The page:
My biggest complaint has to be the level and enemy designs. Most of the game is spent underground fighting carbon-copy, rust-buckets in dreary rust-colored or metallic corridors and platforms. The robots attack with drills, hammers, the occasional shower of sparks and lasers, or sometimes a combination of two abilities. Tactics involve running right up to you, shielding their metal frames until you smack them around anyway or just lobbing slow moving projectiles at you from a distance. The boss fights pretty much end up being the same thing except they might surround you with more robots while running around for a bit.
The level backgrounds suffer from a lack of imagination also. Like old cartoons where the background seemed to never change as a character like Fred Flintstone or Scooby-Doo would run down the street, I had this eerie feeling that every time I moved forward, I had seen the new area I was entering before. Obstacles involved giant computers (like old-fashioned, vacuum-tube machines from the forties big), laser fences, iron doors, and weird, rotating, spiked columns. The only occasional changes of scenery included gray streets, white snow, green sludge and magma (gotta love that melted ore, since you find it in just about every game these days).
The sound department is where The Incredibles: Rise of the Underminer actually does some good. John Ratzenberger, a veteran of Pixar movies, reprises his role as the villain, and does a great job with the silly, long-winded rants of the undersized Underminer. The rest of the voice work is better than average and even funny at times. Some of the robot bosses really get across the kind of humor the movie was known for with dry, sarcastic moments that depict them more as petty bureaucrats rather than evil machines bent on helping a bad guy destroy the world. The music also does a good job of getting that cinematic feel with the jazzy horns, and it should, since the original composer from the movie actually created a new score. Still, the sound effects, like tons of metal objects exploding, are merely okay with nothing really grabbing your attention.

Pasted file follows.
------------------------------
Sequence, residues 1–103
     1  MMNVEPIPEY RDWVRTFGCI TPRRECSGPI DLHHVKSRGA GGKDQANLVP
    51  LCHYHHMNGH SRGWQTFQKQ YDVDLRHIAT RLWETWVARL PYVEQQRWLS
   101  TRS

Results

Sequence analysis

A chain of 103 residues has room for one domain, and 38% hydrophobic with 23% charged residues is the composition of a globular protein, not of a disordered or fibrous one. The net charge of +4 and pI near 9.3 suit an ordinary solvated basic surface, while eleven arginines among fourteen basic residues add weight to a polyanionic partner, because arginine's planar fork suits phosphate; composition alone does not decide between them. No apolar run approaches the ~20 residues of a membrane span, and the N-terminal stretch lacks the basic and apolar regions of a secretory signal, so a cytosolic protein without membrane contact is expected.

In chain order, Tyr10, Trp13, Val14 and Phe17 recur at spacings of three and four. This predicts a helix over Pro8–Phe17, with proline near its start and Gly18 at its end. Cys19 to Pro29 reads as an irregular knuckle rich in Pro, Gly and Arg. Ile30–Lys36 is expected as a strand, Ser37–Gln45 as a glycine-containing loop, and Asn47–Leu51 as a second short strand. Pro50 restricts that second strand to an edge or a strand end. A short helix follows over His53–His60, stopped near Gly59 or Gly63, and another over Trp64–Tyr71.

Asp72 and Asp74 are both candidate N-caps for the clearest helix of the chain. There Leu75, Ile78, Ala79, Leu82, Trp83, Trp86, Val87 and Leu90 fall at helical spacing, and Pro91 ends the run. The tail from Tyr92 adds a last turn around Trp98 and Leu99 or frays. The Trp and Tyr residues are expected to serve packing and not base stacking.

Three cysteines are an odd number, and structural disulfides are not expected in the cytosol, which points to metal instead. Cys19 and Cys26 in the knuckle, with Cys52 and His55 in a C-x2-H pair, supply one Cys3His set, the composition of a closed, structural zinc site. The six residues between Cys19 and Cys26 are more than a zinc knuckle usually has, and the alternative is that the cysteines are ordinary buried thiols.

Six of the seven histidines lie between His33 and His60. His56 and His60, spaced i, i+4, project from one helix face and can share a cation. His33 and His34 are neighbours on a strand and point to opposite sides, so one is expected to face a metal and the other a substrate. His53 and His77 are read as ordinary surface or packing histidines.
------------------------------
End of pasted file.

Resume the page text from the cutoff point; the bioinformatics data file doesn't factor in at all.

Unfortunately, the humor and pseudo-sequel storyline do not make up for the fact that the gameplay is repetitive and simplistic, while the game itself is drastically short. With two players, the teamwork and use of the special powers can be gratifying, but still ends up wanting. A single Saturday afternoon should be enough to conquer the underground clown, and after that, you probably won?t want to do it all over again even with a friend or lackey to come along with you.
Being a fan of the movie, I do appreciate the fact that this game isn?t really, truly bad. However, being said fan, I feel cheated by the lack of difficulty, the mindless pressing of one or two buttons, the similar level environments and the few hours of gaming that don?t scream ?feature-length sequel? to me. It would have been nice for people who enjoy The Incredibles universe to be given a meaty follow-up or even a lengthy side story to satisfy us until there comes a time that Pixar might create a sequel film.. Truthfully, I am still unsure why the game is called The Incredibles: Rise of the Underminer in the first place. Since Helen and the kids don?t join in the game. While daddy Incredible runs off with his bowling buddy to have some fun, it might as well have been called Mr. Incredible plus Special Guest. The paint-by-numbers action doesn?t kill the game entirely, but without any real diversity throughout the linear levels, plus the extremely short duration, the game is placed squarely as a rental for fans of The Incredibles[i/]. For everyone else, move along. It?s nothing you haven?t seen before.